• Report this Comment On December 31, 2013, at 1:01 PM, weaponz wrote:

    If they are losing 10 miles over night after the software patch, they should see about having Tesla replace their 12v. GCR had the same issue and replacing the 12v made it much better.

  • Report this Comment On December 31, 2013, at 7:18 PM, TecnamTwin wrote:

    This is a non-issue, unless you drive 200 miles every day (73,000 miles a year!).

    The range of the standard charge is for day to day driving. Whenever you want to drive more than 200 miles in a day, that's when you do a range charge.

  • Report this Comment On December 31, 2013, at 7:30 PM, gr8twhtebuffalo wrote:

    It's clear that the car itself is an excellent piece of work.

    Tesla will continue to improve charging speeds and think of ways for the car to have a longer charge. It's not a question of if it will happen but when it will happen.

  • Report this Comment On January 01, 2014, at 8:13 AM, thegreentreefrog wrote:

    The Tesla S at 4,741 Lbs The Electric Pig!Who would spend $75,000 on a car that couldn't beat a 1981 Chevy Vega in a race from NY to Philly?Its range drops while parked over night and of you dare put on heating or a/c you in big trouble.

  • Report this Comment On January 01, 2014, at 9:47 AM, duuude1 wrote:

    Hey greentreefrog,

    According to sales figures, Tesla is already having an impact on other equivalently priced conventional auto brands:

    http://www.forbes.com/sites/markrogowsky/2013/08/24/numbers-...

    http://articles.latimes.com/2013/aug/27/autos/la-fi-hy-prius...

    Are you more of a NY Daily News or USA Today reader than a Forbes reader? Well here you go:

    http://www.nydailynews.com/autos/tesla-model-s-outselling-po...

    http://www.usatoday.com/story/money/cars/2013/08/26/tesla-mo...

    The sales numbers - and the test drives - speak for themselves.

    So this tells us that given equivalent priced vehicle options, more people are opting for the Tesla over conventional autos.

    By the time Tesla comes out with the more affordable Model E, I think most people will be making a similar smart decision to go with the Tesla over the conventional ICE cars. Of course, we know that not everyone makes smart decisions... but most will go with the best performing electric over ICE.

    So greentreefrog, do you really want to put your 1981 Chevy Vega up against a Tesla in any kind of competition? Go ahead... set it up and let us know how you and your Vega do.

    Duuude1

  • Report this Comment On January 02, 2014, at 5:20 AM, mrbofus wrote:

    "Sometimes when driving along in weather that's 30-something degrees and you've got the cabin heat is on, the remaining-miles calculator tends to drop 3 miles for every mile that you actually travel."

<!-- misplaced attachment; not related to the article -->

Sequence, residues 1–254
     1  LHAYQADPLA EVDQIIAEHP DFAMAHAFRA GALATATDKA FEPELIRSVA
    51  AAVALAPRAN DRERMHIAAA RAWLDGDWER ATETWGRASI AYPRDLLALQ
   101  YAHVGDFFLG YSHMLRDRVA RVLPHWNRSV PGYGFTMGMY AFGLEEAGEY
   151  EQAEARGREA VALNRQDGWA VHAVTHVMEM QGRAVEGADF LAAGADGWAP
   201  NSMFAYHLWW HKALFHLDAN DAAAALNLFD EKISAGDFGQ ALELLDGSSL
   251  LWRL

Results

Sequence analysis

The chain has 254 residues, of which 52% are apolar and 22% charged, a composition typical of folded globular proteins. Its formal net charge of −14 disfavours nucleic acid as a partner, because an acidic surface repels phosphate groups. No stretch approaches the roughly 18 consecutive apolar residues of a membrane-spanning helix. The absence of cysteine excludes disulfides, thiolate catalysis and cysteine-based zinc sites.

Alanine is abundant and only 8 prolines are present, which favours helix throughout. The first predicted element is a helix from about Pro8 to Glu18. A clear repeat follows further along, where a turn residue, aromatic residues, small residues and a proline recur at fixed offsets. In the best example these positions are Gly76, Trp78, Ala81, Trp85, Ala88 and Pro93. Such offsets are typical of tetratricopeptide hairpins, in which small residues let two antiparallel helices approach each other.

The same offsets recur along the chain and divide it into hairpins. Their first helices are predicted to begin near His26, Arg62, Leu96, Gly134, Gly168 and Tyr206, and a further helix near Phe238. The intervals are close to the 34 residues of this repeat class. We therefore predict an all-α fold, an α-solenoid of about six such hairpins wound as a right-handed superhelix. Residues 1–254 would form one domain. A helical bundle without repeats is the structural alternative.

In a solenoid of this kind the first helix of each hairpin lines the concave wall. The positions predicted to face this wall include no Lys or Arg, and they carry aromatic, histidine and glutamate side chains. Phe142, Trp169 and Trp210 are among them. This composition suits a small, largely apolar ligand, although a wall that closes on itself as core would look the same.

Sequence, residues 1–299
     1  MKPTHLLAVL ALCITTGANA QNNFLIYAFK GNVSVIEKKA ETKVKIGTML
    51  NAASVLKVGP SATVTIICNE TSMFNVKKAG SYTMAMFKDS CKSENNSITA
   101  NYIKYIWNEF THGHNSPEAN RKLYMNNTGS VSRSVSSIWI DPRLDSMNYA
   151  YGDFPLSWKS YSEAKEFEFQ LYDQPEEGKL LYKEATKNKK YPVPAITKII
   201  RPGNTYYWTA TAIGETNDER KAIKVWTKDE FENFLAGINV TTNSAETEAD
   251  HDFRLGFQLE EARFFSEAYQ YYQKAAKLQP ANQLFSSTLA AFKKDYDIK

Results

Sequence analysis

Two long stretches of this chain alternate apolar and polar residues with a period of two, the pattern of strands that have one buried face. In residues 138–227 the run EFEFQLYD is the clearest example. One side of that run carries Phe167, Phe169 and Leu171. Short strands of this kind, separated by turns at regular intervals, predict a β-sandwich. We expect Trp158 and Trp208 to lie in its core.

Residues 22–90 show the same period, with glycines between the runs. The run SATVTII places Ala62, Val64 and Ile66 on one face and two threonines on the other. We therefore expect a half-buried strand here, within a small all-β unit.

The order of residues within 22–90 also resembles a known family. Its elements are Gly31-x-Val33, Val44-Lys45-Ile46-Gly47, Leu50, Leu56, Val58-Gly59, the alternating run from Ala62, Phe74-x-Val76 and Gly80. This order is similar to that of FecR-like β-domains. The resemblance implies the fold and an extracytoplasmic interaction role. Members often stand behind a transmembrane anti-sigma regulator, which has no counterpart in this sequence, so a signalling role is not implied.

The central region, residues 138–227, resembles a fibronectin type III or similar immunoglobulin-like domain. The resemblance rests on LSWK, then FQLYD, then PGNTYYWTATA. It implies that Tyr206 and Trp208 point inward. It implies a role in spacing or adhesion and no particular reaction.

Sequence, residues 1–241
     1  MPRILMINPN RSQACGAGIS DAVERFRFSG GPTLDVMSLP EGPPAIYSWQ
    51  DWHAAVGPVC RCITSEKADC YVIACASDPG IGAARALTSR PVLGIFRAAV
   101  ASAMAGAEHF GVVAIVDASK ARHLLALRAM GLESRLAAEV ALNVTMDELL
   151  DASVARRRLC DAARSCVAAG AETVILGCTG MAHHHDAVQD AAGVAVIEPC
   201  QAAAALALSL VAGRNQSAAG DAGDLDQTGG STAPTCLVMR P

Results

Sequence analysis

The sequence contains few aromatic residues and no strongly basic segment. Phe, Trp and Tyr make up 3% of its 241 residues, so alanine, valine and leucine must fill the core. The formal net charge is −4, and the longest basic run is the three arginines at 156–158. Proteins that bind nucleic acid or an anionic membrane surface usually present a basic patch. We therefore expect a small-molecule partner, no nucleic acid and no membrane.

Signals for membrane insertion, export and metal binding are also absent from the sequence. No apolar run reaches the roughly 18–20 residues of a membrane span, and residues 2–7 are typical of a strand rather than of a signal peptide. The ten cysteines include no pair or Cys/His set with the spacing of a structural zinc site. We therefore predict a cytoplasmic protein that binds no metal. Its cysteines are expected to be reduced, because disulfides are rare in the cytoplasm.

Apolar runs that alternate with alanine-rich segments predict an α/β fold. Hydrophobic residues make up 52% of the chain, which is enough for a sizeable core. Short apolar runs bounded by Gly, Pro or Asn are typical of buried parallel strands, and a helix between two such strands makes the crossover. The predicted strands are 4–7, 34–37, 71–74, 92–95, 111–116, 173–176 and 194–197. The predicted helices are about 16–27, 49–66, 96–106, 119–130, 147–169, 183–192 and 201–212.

So if you want to use the heater in 30 degree weather, you can't drive more than 66 miles? (Assuming you're getting the full 265 mile range). And that's assuming you never hit traffic...

  • Report this Comment On January 02, 2014, at 7:58 AM, ponchoman49 wrote:

    It also manages another feat, an interior that manages to look cheaper than that of a 30k Chevy Impala! Another car that scores high in CR's testing. Amazing!

  • Report this Comment On January 02, 2014, at 8:33 AM, walleye88ED wrote:

    I would love to own an electric car,but the problem is no one in the world makes one.all I see and read about are run by batteries.why no install a generator in the rear axel for the power needed to run the motor.everything can be converted to the amps and volts needed.just think,cal.to ny. non stop.

  • Report this Comment On January 02, 2014, at 9:33 AM, ToddRLockwood wrote:

    "Sometimes when driving along in weather that's 30-something degrees and you've got the cabin heat is on, the remaining-miles calculator tends to drop 3 miles for every mile that you actually travel."

    This is only true when the battery is stone cold. After fifteen minutes of driving, the efficiency will return. The issue can be easily avoided by pre-warming the battery while the car is still plugged in.

    "...the air conditioning falls short of what Consumer Reports considers to be the comfort zone. Second, the rays beating through the sunroof that lacks a retractable shade "doesn't help."

    I find this hard to believe. I've driven my Model S in 95-degree temps with no issues. The A/C is quite adequate. The sunroof is very darkly tinted. (The article photo is misleading.) I've never felt as though there's too much sun intrusion.

  • Report this Comment On January 04, 2014, at 5:55 AM, rapag wrote:

    Be aware that Audi,subidiary of Volkswagen, may now decide to produce its e-tron electric car with a range ofmore than 500 km. Telsa may thus loose its current stand-alone feature soon.

  • Report this Comment On January 04, 2014, at 1:39 PM, weaponz wrote:

    @mrbofus - "So if you want to use the heater in 30 degree weather, you can't drive more than 66 miles? (Assuming you're getting the full 265 mile range). And that's assuming you never hit traffic..."

    You have 0 clue what your talking about. They said sometimes you would lose 3 miles range in 1 mile. More than likely they were accelerating and not cruising. Or going up a steep hill, which then they would make back later on.

    In Norway a guy made over 250 miles in -6 degrees with heater on and everything.

    And please stop adding gasoline car issues to EVs. Unlike a gasoline car which loses range in traffic due to horrible efficiency of slow/idle, EVs actually gain range in traffic. Even in winter. This has been proven by GCR when he made a winter trip at 0 degrees and ended up in traffic which resulted him in gaining range.